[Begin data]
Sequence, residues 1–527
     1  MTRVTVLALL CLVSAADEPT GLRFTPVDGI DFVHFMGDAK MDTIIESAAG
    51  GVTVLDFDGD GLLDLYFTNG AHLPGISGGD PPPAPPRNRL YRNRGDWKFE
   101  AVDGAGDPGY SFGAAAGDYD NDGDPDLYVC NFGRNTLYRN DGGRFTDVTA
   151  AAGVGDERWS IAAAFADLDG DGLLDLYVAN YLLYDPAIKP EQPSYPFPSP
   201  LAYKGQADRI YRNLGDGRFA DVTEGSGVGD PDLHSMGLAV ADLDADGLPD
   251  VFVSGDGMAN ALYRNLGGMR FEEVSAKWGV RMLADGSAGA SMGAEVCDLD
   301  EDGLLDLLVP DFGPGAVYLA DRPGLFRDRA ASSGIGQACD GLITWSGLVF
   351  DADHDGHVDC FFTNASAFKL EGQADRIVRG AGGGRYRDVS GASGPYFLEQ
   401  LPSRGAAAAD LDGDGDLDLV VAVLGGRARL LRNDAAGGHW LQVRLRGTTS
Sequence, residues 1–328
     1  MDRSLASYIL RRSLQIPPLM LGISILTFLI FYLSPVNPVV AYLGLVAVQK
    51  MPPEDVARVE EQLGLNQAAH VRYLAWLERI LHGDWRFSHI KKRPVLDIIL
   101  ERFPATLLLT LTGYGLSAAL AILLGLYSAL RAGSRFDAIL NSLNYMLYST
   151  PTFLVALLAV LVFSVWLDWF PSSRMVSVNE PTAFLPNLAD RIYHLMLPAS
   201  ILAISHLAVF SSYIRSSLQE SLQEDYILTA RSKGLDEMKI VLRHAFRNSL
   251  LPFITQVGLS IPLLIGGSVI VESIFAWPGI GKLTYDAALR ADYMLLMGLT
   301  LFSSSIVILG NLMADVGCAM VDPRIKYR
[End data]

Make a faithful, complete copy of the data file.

Sequence, residues 1–527
     1  MTRVTVLALL CLVSAADEPT GLRFTPVDGI DFVHFMGDAK MDTIIESAAG
    51  GVTVLDFDGD GLLDLYFTNG AHLPGISGGD PPPAPPRNRL YRNRGDWKFE
   101  AVDGAGDPGY SFGAAAGDYD NDGDPDLYVC NFGRNTLYRN DGGRFTDVTA
   151  AAGVGDERWS IAAAFADLDG DGLLDLYVAN YLLYDPAIKP EQPSYPFPSP
   201  LAYKGQADRI YRNLGDGRFA DVTEGSGVGD PDLHSMGLAV ADLDADGLPD
   251  VFVSGDGMAN ALYRNLGGMR FEEVSAKWGV RMLADGSAGA SMGAEVCDLD
   301  EDGLLDLLVP DFGPGAVYLA DRPGLFRDRA ASSGIGQACD GLITWSGLVF
   351  DADHDGHVDC FFTNASAFKL EGQADRIVRG AGGGRYRDVS GASGPYFLEQ
   401  LPSRGAAAAD LDGDGDLDLV VAVLGGRARL LRNDAAGGHW LQVRLRGTTS
Sequence, residues 1–328
     1  MDRSLASYIL RRSLQIPPLM LGISILTFLI FYLSPVNPVV AYLGLVAVQK
    51  MPPEDVARVE EQLGLNQAAH VRYLAWLERI LHGDWRFSHI KKRPVLDIIL
   101  ERFPATLLLT LTGYGLSAAL AILLGLYSAL RAGSRFDAIL NSLNYMLYST
   151  PTFLVALLAV LVFSVWLDWF PSSRMVSVNE PTAFLPNLAD RIYHLMLPAS
   201  ILAISHLAVF SSYIRSSLQE SLQEDYILTA RSKGLDEMKI VLRHAFRNSL
   251  LPFITQVGLS IPLLIGGSVI VESIFAWPGI GKLTYDAALR ADYMLLMGLT
   301  LFSSSIVILG NLMADVGCAM VDPRIKYR